Risk
4/26/2012
01:59 PM
Connect Directly
Twitter
RSS
E-Mail
50%
50%

Congress Raises Alarm On Iranian Cyber Threat

United States should pay attention to threat of Iranian cyber-attacks, say members of Congress and panelists.

Top 10 Open Government Websites
Top 10 Open Government Websites
(click image for larger view and for slideshow)
The Iranian cyber threat to the United States is on the rise, lawmakers and foreign policy observers warned in a House Homeland Security Committee hearing Thursday.

"There should be little doubt that a country that kills innocent people around the world, guns down its own people, and threatens Israel would not hesitate to carry out a cyber-attack against the U.S.," said counterterrorism and intelligence subcommittee chairman Patrick Meehan, R-Pa., whose subcommittee held a joint hearing with the cybersecurity, infrastructure protection, and security technologies subcommittee.

Warnings about the threat of an Iranian attack came from all angles during the hearing, but the hearing did not include participation by a single intelligence or military official. Director of National Intelligence James Clapper recently testified to Iran's improvement in the cyber arena.

[ Cybersecurity tops the list of concerns for federal IT professionals. See Federal IT Survey: Hacktivists, Cybercriminals Are Top Threats. ]

Meehan called Iran's growing cyber capabilities a "real and genuine challenge and threat to the United States and its interests," noting the recent attack of a pro-Iranian group called the Iranian Cyber Army on the government news agency Voice Of America. A Meehan-penned op-ed titled "Iranian Cyber Threat Cannot Be Underestimated" appeared on the website of Congressional news site The Hill on Thursday.

Panelists called to attention recent media reports about Iranian diplomats involved in planned cyber-attacks against nuclear power plants and other targets. The country also recently claimed that the downing of a drone inside the country was thanks to a hack of the drone's GPS signals.

"They're taking their gloves off right now in the cyber environment," said Frank Cilluffo, associate VP and director of the Homeland Security Policy Institute and a former Bush administration homeland security official.

Panelists at the session were quick to point out that Iran does not yet pose the same level of technical threat as Russia and China, but said that Iran's intentions help make it dangerous. "As yet, Iran has not shown itself to be a similarly advanced or persistent threat" as Russia and China, Cilluffo said. "The bad news is that what they lack in capability, they make up for in intent and are not as hesitant as other countries may be."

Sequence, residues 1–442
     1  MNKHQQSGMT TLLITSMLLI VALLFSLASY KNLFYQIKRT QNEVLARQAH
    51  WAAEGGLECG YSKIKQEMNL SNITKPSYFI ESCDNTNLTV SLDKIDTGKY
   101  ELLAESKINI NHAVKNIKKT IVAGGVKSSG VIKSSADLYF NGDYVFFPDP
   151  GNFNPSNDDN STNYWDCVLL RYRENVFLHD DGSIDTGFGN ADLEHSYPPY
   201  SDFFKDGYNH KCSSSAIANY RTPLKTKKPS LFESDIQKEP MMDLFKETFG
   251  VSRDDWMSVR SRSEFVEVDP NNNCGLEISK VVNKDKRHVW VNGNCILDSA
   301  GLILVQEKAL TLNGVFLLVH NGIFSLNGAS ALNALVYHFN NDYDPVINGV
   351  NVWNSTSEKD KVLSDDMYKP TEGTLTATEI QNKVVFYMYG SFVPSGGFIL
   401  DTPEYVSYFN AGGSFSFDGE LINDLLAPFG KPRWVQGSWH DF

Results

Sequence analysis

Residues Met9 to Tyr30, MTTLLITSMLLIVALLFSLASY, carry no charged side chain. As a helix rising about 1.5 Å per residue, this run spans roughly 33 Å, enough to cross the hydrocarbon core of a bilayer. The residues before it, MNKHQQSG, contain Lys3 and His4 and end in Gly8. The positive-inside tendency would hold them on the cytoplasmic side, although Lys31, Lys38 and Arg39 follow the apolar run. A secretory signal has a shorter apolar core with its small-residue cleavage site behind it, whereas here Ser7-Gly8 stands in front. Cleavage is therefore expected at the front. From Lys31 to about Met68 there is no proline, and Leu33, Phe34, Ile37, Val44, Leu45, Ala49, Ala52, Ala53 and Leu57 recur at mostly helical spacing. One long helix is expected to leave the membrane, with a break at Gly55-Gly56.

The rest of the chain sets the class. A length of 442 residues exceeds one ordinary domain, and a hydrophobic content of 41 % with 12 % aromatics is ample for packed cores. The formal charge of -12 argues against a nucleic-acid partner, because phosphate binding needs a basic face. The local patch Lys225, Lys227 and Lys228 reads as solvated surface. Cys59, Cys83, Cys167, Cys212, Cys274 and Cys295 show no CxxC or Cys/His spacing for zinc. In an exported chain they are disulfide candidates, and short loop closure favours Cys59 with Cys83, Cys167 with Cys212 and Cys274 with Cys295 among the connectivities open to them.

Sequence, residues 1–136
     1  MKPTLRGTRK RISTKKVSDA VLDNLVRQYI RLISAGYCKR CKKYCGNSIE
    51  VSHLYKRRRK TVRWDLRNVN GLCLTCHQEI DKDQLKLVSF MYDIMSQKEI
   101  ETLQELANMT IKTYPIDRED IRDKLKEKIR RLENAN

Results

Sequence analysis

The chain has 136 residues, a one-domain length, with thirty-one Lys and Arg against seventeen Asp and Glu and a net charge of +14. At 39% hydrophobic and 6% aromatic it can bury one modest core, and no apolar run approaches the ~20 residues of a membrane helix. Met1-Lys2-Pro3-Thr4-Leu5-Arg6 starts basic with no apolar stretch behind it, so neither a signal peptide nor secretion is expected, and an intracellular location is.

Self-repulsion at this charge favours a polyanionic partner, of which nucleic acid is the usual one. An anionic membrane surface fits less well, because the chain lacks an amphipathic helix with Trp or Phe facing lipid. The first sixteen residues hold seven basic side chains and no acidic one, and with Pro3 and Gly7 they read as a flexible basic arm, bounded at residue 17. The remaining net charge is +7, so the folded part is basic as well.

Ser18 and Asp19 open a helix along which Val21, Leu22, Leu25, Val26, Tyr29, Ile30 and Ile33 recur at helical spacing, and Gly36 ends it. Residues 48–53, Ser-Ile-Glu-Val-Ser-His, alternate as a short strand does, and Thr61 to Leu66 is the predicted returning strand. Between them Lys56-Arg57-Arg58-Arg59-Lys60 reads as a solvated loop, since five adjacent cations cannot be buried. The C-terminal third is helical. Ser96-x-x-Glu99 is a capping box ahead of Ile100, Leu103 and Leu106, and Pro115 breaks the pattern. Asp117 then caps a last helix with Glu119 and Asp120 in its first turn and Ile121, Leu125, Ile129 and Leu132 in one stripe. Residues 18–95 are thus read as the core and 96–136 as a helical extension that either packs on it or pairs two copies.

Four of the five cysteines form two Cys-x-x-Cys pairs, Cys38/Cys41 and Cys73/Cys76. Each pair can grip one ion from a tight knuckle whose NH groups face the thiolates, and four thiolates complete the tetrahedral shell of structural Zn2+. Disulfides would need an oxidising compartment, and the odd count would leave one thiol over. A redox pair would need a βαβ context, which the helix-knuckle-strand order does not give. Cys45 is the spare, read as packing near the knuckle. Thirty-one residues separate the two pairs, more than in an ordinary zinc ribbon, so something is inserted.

Ilya Berman, VP of the hawkish and conservative American Foreign Policy Council, agreed with Cilluffo's assessment, adding that Iran poses a potentially significant threat in the asymmetric world of cyberspace. "Cyberspace is a field that advantages asymmetric actors," he said. "As a result, the capabilities are an issue, but intent is even more of an issue. Unlike in Russian and China, where conflicts exist but at least we have diplomatic relations with those countries, there are a number of threats on the table with Iran."

Berman recommended that the United States government create a stronger deterrence strategy against Iranian cyber-attacks. "We have had an abject lack of a deterrent strategy in facing Iran, and [the cyber world] is crying out for a deterrence strategy so that the Iranian regime recognizes that there are redlines that they can't cross," he said.

Hacktivist and cybercriminal threats concern IT teams most, our first Federal Government Cybersecurity Survey reveals. Here's how they're fighting back. Also in the new, all-digital Top Federal IT Threats issue of InformationWeek Government: Why federal efforts to cut IT costs don't go far enough, and how the State Department is enhancing security. (Free registration required.)

Comment  | 
Print  | 
More Insights
Register for Dark Reading Newsletters
White Papers
Cartoon
Current Issue
Flash Poll
Video
Slideshows
Twitter Feed
Dark Reading - Bug Report
Bug Report
Enterprise Vulnerabilities
From DHS/US-CERT's National Vulnerability Database
CVE-2015-2849
Published: 2015-07-07
SQL injection vulnerability in main.ant in the ANTlabs InnGate firmware on IG 3100, InnGate 3.01 E, InnGate 3.10 E, InnGate 3.10 M, SG 4, and SSG 4 devices, when https is used, allows remote attackers to execute arbitrary SQL commands via the ppli parameter.

CVE-2015-2850
Published: 2015-07-07
Cross-site scripting (XSS) vulnerability in index-login.ant in the ANTlabs InnGate firmware on IG 3100, InnGate 3.01 E, InnGate 3.10 E, InnGate 3.10 M, SG 4, and SSG 4 devices allows remote attackers to inject arbitrary web script or HTML via the msg parameter.

CVE-2015-3216
Published: 2015-07-07
Race condition in a certain Red Hat patch to the PRNG lock implementation in the ssleay_rand_bytes function in OpenSSL, as distributed in openssl-1.0.1e-25.el7 in Red Hat Enterprise Linux (RHEL) 7 and other products, allows remote attackers to cause a denial of service (application crash) by establi...

CVE-2014-3653
Published: 2015-07-06
Cross-site scripting (XSS) vulnerability in the template preview function in Foreman before 1.6.1 allows remote attackers to inject arbitrary web script or HTML via a crafted provisioning template.

CVE-2014-5406
Published: 2015-07-06
The Hospira LifeCare PCA Infusion System before 7.0 does not validate network traffic associated with sending a (1) drug library, (2) software update, or (3) configuration change, which allows remote attackers to modify settings or medication data via packets on the (a) TELNET, (b) HTTP, (c) HTTPS, ...

Dark Reading Radio
Archived Dark Reading Radio
Marc Spitler, co-author of the Verizon DBIR will share some of the lesser-known but most intriguing tidbits from the massive report